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The Politics of Famine and Reform in Rural China: A Pattern Pointed To

          In Dali L. Yang’s book, Calamity and Reform in China, the Great Leap Famine of 1959-1961 is revealed to be part of a causal pattern including both revolution and reform in modern China.  Emphasis is placed on institutional factors in specific incidences of famine across the provinces in addition to the profound disillusionment with agrarian radicalism that helped to lay the foundation for dismantling the whole commune system.  Any explanation or analysis of the modern reforms in China must include not only the determinants of the Cultural Revolution and the leadership of Deng Xiaoping, but must also involve the impact on rural populations of the Great Leap Forward’s rapid decline and failure.

          This book was written by a native Chinese, and is motivated by an appreciation of societal rejuvenation rather than a zeal to issue blame or focus on the famine’s grotesque and tragic details.  The determinism of other books on this subject that tends to overemphasize the roles of the main leaders in causing the famine is refreshingly absent.  What is left is a description of the famine’s architecture as it applied to rural society, and a careful analysis of the reformative change that this tragedy helped to bring about.

          Elite policies are shown as thwarting the original intentions of collective social engineering, causing untold suffering onto the very people that the Communist Party claimed to serve.  The precarious balance between state and society was constantly tampered with by local Party elites. There was no free press to counter the boastful lies of surplus and bounty that abounded on the local level, and no effective social basis for resistance until the famine was well underway.  Yang establishes the context for looking at the Great Leap Famine very thoroughly, incorporating a variety of factors and contributions to the collapse of the Great Leap Forward.

          The reforms that changed the face of China after the Cultural Revolution first took place in rural areas with the deconstruction of collective agriculture.  Yang makes this point effectively through his extensive research into both primary and secondary sources.  The resulting systems of “household responsibility” paved the way for China’s later capitalist endeavors, and the rural countryside perhaps has not been sufficiently acknowledged for its vital role in China’s emerging status as a major economic power.

          The meticulous nature of the facts explored by the book is interesting in that groups of various versions are held alongside one another.  This allows the reader to see that though there is some consistence and general agreement, the facts themselves cannot be accepted as precise or at face value. A pattern begins to reveal itself of excessively mild figures from official China juxtaposed against exaggerated and swollen figures from later scholars.  Relevant information is shown without the loaded insistence on total belief that has a tendency to arise when dealing with China’s history or politics.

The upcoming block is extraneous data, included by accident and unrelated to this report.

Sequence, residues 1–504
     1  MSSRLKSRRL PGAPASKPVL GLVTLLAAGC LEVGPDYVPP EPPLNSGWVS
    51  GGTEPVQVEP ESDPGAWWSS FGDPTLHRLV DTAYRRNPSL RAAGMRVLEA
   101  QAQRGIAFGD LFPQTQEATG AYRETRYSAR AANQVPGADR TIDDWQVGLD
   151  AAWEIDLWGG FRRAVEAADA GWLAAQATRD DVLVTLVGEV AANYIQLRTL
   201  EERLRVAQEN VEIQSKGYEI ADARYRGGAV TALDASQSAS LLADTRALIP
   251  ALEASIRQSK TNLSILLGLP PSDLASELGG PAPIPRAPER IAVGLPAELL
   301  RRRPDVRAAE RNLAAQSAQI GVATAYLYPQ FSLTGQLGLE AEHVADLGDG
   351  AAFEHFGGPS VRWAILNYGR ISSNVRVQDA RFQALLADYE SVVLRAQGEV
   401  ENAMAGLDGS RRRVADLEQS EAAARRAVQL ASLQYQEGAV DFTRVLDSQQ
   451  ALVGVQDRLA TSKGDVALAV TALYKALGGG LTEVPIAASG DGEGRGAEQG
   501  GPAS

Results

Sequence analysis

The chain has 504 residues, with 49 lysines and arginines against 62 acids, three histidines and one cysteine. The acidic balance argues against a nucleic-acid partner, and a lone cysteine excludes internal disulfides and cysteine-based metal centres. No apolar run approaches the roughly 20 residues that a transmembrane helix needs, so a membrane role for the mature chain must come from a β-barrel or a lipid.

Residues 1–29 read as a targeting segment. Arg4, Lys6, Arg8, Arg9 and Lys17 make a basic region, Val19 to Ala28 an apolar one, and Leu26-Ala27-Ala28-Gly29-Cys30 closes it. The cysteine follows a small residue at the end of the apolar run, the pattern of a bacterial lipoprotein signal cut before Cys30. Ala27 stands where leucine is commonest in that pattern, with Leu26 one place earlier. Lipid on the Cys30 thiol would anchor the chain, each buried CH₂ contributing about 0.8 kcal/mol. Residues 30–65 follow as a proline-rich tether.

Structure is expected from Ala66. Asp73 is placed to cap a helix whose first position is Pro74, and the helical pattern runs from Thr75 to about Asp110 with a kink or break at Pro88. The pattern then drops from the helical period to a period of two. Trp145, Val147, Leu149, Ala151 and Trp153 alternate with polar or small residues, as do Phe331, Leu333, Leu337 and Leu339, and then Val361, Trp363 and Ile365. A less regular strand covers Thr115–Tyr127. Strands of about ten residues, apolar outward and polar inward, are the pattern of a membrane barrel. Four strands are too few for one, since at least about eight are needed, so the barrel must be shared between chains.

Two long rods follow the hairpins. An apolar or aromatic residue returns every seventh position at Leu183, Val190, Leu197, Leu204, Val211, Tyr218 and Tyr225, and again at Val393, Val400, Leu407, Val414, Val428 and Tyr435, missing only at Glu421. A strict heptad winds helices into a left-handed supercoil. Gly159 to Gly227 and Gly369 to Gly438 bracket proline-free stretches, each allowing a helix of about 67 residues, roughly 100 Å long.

Alternate theories later on in the book arise in regard to analysis of the Cultural Revolution and the following reforms that are still taking place. Different conclusions have been drawn about the emergence of reforms, and what brought them about.  Much emphasis has been given to the Cultural Revolution serving as the sole springboard for reform, commandeered by the leadership of Deng Xiaoping.  However, this book presents facts that debunk such cut-and-dry, deterministic conclusions.  Contributing factors are investigated as opposed to merely being singled out as truth. 

          Laid out in thorough but not lengthy chapters replete with a vast array of tables and figures, Calamity and Reform in China is a very well balanced and essential text for anyone wishing to know more about the patterns of reform and past failures of the Chinese Communist Party.  The reader comes away with a good feel for where China is headed.

Works Cited

Yang, Dali L.  Calamity and Reform in China: State, Rural Society, and Institutional Change           Since the Great Leap Famine.  Stanford: Stanford UP, 1996.



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